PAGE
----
Compensation motion

The Compensation motion feature works differently from other similar tools. It is best used without combining it with other tools for correcting physics.

This tool runs on complex mathematical calculations, but if we’d try to explain the process as simply as possible, we could say that it works in the following way:
It tries to recreate the original animation frame by frame, but while taking into account the set limitations. These limitations prevent the tool from simply copying the animation, instead forcing it to alter it in a specific manner.

It’s a bit like what an untrained person would do if they were trying to copy movements of an athlete. An average person simply wouldn’t have muscles strong enough to make some of the motions, so those motions would come off differently, no matter how much this person tries to copy everything as closely as possible. Alternatively, it can be compared to one athlete trying to copy another, but while standing on a more slippery surface. Both these comparisons are, of course, very rough.

It’s just important to know that this tool has no knowledge of what is happening in the original animation, nor does it try to make the motions any more ‘meaningful’, much less ‘pretty’... it’s just the outcome can very well be both these things if the settings are right.

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Rotation Filter Settings

The first method of using the tool is setting a limit for the rotation.
The value of 100 means the physical ghost has no limitations, and it can completely retread the original animation.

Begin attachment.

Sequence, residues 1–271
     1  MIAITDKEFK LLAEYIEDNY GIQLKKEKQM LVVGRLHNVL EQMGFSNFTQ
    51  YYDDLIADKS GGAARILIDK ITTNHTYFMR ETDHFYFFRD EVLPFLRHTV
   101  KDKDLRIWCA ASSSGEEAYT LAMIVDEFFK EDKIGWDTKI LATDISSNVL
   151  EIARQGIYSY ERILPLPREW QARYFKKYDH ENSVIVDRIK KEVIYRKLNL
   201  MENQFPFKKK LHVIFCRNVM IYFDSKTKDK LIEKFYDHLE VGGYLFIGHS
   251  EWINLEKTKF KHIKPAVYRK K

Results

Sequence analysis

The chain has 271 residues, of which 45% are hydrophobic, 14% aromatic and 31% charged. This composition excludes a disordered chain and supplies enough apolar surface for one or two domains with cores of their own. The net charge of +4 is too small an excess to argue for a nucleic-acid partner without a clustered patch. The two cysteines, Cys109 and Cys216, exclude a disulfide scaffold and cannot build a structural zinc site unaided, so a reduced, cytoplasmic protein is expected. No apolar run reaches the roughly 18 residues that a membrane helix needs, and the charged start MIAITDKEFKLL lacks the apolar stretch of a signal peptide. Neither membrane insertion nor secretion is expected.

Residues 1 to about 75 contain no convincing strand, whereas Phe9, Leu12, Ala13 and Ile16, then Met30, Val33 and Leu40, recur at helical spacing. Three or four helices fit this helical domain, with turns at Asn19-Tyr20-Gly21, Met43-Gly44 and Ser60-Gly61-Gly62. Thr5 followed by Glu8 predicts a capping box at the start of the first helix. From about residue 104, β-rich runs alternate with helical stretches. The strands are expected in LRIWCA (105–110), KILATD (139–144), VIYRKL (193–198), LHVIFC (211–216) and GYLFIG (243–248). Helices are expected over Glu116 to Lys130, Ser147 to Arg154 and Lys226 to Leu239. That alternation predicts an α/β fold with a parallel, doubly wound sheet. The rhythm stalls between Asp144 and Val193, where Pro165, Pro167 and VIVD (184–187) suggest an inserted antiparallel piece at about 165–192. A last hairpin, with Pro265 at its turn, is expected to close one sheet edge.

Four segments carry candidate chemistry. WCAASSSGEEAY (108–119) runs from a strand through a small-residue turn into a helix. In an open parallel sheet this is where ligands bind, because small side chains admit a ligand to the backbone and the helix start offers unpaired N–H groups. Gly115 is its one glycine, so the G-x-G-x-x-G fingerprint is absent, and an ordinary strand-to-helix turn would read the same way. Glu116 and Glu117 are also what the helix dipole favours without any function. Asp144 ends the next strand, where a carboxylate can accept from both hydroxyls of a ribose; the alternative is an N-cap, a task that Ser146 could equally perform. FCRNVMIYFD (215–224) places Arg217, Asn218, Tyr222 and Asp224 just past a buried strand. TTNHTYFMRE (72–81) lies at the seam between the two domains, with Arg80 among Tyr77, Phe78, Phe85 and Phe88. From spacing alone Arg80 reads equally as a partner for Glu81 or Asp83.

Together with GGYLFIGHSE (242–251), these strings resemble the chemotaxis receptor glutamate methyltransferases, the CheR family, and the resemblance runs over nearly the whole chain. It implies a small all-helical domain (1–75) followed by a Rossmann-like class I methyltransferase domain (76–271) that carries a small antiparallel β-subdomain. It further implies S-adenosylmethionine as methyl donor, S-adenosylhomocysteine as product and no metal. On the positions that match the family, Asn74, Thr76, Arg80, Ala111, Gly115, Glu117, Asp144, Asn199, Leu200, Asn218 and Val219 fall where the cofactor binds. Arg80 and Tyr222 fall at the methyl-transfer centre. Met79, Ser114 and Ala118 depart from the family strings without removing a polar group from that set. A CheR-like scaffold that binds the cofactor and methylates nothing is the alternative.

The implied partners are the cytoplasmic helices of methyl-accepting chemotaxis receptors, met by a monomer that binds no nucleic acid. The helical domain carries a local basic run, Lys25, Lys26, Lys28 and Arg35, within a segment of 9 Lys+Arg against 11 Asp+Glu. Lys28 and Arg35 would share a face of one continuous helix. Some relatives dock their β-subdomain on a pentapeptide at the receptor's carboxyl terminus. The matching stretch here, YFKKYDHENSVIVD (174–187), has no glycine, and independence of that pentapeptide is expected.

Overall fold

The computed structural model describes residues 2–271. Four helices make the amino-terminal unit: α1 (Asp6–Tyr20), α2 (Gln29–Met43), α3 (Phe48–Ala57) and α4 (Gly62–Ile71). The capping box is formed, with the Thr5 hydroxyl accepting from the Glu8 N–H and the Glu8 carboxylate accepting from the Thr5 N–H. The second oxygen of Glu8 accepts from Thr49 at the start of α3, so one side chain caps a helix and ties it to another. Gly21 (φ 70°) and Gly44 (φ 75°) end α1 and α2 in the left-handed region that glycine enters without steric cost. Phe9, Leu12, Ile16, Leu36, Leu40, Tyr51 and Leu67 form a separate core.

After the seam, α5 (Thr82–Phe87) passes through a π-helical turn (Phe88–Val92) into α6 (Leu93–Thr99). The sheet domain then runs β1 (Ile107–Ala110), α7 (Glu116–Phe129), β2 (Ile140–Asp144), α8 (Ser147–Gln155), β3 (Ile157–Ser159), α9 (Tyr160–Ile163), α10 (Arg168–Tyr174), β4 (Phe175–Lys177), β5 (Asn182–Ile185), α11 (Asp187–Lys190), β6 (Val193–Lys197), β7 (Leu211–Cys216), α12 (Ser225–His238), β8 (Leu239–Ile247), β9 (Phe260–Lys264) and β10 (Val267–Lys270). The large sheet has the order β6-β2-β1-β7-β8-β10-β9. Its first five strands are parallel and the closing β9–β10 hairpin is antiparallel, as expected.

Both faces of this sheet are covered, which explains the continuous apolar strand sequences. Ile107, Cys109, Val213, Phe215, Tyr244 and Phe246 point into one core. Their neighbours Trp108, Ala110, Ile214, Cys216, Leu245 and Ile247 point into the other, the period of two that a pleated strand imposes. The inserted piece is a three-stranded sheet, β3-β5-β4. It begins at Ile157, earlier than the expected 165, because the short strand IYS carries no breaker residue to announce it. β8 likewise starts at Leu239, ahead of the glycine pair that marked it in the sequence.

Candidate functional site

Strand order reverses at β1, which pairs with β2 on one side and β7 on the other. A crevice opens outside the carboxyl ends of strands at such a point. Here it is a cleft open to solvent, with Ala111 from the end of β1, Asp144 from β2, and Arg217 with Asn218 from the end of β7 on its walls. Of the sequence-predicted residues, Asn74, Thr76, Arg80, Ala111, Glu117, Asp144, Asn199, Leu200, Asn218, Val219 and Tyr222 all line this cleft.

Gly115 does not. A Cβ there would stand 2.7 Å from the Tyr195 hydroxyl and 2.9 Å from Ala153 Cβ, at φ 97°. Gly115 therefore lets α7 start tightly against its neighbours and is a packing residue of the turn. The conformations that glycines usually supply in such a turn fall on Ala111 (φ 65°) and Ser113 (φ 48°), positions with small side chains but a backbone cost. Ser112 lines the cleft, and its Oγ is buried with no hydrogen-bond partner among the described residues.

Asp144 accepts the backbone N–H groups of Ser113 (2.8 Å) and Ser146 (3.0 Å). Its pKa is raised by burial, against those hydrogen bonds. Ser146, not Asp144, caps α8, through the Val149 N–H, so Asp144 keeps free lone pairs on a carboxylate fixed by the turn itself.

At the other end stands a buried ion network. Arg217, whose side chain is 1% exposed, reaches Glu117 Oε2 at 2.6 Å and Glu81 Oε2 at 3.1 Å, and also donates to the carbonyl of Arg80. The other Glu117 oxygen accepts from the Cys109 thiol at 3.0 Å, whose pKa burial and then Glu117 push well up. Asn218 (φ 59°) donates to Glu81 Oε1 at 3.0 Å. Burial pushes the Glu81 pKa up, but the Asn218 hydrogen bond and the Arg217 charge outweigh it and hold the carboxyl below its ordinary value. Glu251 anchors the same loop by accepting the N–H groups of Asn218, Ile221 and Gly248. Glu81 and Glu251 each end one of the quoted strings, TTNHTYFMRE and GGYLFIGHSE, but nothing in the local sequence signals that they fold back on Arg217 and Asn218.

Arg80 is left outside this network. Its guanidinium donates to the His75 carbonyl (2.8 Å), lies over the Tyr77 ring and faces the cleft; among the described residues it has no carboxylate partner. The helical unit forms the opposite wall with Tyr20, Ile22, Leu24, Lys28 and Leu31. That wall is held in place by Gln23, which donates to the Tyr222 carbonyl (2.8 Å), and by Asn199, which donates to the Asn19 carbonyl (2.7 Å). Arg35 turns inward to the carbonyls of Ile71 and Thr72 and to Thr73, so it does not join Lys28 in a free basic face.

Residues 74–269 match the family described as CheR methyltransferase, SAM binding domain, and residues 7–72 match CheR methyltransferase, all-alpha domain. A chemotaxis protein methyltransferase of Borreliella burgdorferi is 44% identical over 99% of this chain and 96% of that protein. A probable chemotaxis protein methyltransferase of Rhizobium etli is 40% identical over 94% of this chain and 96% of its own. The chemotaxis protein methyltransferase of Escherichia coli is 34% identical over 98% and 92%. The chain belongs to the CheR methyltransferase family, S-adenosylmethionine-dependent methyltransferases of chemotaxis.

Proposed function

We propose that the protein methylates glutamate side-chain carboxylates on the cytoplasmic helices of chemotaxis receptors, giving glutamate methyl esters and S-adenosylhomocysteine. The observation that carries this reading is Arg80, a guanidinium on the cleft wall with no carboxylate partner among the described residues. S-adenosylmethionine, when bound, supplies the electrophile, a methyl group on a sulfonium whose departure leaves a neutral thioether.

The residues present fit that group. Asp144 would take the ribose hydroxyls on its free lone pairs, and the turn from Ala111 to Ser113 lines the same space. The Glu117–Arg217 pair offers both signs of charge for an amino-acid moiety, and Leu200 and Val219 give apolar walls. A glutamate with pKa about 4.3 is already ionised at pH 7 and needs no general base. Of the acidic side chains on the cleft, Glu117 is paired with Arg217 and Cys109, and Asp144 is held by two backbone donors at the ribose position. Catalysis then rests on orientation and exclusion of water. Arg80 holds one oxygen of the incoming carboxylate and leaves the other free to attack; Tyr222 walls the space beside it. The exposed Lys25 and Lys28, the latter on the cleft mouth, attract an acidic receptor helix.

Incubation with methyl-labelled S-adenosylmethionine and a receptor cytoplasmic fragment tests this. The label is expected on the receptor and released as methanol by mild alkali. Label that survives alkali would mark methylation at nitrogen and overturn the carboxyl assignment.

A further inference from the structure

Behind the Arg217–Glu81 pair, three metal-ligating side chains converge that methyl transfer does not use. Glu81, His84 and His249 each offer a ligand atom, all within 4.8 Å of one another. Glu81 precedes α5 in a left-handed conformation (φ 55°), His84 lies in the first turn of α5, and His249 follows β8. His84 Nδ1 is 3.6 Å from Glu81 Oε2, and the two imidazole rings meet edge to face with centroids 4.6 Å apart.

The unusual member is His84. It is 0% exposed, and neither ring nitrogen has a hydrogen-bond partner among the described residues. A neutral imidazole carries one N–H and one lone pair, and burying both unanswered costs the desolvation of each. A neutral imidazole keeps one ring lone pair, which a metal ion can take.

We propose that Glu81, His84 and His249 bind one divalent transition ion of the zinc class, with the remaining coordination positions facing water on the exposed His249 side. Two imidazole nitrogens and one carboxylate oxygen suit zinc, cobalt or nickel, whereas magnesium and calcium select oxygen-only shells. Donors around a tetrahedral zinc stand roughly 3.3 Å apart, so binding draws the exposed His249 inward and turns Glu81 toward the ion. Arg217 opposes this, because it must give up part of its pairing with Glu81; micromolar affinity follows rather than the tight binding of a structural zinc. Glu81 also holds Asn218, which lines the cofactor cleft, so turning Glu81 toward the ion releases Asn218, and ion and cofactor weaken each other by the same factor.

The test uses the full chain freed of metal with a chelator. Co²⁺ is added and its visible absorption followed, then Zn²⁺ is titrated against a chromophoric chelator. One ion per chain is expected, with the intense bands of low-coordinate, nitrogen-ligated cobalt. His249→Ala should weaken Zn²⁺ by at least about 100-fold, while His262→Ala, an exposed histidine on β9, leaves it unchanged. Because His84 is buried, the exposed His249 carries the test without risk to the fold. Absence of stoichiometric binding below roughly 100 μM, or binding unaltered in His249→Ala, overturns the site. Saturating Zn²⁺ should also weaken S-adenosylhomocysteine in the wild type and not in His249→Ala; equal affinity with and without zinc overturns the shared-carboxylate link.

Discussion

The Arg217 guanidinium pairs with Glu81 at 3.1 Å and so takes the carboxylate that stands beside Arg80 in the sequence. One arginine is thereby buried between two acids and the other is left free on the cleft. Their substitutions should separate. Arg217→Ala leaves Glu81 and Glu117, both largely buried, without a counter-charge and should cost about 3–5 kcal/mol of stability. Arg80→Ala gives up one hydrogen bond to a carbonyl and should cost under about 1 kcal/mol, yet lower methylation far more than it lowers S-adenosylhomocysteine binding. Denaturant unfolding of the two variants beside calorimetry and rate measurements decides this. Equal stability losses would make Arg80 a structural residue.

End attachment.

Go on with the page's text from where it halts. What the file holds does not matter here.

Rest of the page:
But lowering this value means the tool is able to make more and more alterations to the animation. Moreover, the difference between 50 and 10 is actually not as big as between 5 and 4!

  • Open the scene for testing the instrument.
  • Enable Compensation motion, but turn off other physical filters.
  • Open the tab with the settings for the tool.
  • Enable Rotation cut-off% by setting any value below 100.
  • See how much the animation on the physical ghost would change with the tool set to low values.
  • Set the value back to 100 to disable the filter.

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Translation cut-off

The second way of working with this tool is to limit the translation.
Using both filters at the same time is not recommended.

  • Open the scene for testing the tool.
  • Enable Compensation motion, but turn off every other physics filter.
  • Open the tab with the tool’s settings.
  • Enable Translation cut-off% by setting any value below 100.
  • See how much the animation on the physical ghost would change with the tool set to low values.
  • Set the value back to 100 to disable the filter.

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Compensation by altering the pose

By default, the tool tries to evenly change the coordinates for every body part.
But you can also set up the degrees of freedom for various parts in greater detail.
For example: people rarely try to balance themselves with the whole of their body. More often they keep the balance using their arms.
Physics tools know nothing about the character’s anatomy. On one hand, this can lead to some unnatural motions, but on the other, enables working with characters of any kind, including non-humanoid ones.

  • Take the test scene with the dinosaur. This scene includes an animation of the dinosaur jumping.
  • Disable Physics corrector and enable Motion compensation.